Johannesburg – South African banks managed to yield steady earnings in a challenging economic environment. While some banks took a knock from the mixed-performance of their African operations, others managed to weather the storms in these markets. Overall there is still a business case for SA banks to continue their operations in Africa, said an analyst.
Analysis on interim results of the big four banks, by EY, shows that earnings were barely positive, up 0.3% in real terms. Earnings growth slowed to 5.7% for the first half of the year compared to 6.6% reported in the same period last year.
Low revenue growth is behind the low growth in profit. Banks have held back on extending credit, particularly in African markets with weak economic activity, said Andy Bates EY’s financial services leader for Africa.
Nigeria, a commodity-led economy, was in recession and Kenya introduced restrictions on lending, explained Bates. Other economies like Mozambique also struggled, which weighed down on profits. “Returns are not as high as banks would like.”
Nedbank’s profits were negatively impacted by the performance of its West African partner Ecobank Transnational, of which it has a 20% stake. The bulk of earnings are made from Nigeria, Bloomberg reported. The bank reported a 3.7% decline in half-year profit, driven by the loss from Ecobank. Nedbank maintained that the outlook for Ecobank is improving.
Standard Bank’s results were mainly impacted by currency movements, which reduced group headline earnings 7% compared to the previous period. But the group reported an 11% rise in profits.
African regions increased their contribution to headline earnings to 29%, contributing positively to Return on Equity (ROE) and Headline Earnings Per Share (HEPS) growth, the group said in its interim report. “The top five contributors to Africa Regions’ headline earnings were Angola, Ghana, Mozambique, Nigeria and Uganda.”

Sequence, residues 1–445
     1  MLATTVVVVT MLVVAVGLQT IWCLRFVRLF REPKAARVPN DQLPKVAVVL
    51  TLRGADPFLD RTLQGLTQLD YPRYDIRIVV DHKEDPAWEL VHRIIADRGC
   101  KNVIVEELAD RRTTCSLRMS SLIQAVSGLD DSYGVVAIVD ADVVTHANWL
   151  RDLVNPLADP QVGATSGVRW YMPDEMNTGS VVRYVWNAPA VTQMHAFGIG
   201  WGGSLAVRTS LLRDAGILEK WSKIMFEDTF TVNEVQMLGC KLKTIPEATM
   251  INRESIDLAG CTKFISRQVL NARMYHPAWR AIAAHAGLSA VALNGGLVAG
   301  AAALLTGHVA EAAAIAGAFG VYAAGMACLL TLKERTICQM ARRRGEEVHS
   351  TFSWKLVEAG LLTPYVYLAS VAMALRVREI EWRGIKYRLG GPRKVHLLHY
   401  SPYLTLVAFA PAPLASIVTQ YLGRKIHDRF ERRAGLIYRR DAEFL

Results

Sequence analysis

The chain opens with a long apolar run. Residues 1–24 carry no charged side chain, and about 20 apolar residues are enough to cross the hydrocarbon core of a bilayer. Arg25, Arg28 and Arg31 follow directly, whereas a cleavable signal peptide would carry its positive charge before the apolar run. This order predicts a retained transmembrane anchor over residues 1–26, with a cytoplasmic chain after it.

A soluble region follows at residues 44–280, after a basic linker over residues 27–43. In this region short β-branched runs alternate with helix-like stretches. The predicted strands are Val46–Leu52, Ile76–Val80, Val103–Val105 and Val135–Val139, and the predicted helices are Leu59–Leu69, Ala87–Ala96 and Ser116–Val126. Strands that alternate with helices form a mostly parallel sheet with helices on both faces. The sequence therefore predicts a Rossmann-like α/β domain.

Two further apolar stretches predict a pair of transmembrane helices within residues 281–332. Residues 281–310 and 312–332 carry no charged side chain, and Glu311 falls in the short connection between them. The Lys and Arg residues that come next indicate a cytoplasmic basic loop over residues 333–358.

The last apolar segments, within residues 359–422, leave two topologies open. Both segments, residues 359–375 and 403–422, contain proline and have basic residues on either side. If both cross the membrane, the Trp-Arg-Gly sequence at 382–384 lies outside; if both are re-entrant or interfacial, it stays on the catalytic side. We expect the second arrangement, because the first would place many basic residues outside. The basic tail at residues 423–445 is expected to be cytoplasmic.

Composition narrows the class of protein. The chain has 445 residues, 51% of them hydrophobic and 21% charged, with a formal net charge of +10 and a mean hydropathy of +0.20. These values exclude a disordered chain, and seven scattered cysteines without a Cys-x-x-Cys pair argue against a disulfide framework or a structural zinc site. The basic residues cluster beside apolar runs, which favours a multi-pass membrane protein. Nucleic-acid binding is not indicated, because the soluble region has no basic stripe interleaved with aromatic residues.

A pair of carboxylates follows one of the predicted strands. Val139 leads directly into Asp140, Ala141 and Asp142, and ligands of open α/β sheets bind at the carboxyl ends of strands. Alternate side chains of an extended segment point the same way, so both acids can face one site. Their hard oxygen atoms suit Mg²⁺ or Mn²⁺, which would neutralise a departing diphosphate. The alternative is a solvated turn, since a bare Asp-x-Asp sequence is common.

Standard Bank operates across 19 African countries, excluding South Africa, with diverse dynamics across these regions. Prospects are improving in oil-dominated economies like Nigeria and Angola, while East Africa suffered the effects of a drought.
The group experienced a slowdown in credit growth in Kenya, given the effects of the drought and regulatory caps and floors introduced for loans, and pre-election anxiety, the report indicated. Mozambique’s currency also stabilised in the first half of the year.
“The combination of higher rates, higher cash balances on the back of foreign currency liquidity constraints, flight to quality and improved macros provided support for the Africa Regions’ performance,” the report read.
FNB’s performance was mainly driven by domestic activity, as rest of Africa profit before tax declined 32%. FNB South Africa accounts for 95% or R17.9bn of total FNB profits before tax. FNB grew profits by 5%.
FNB Africa’s operations are across Namibia and Botswana, Mozambique, Zambia, Tanzania and Ghana, according to the report. These markets faced economic headwinds and emerging regulatory challenges, and delivered a mixed performance, the report read.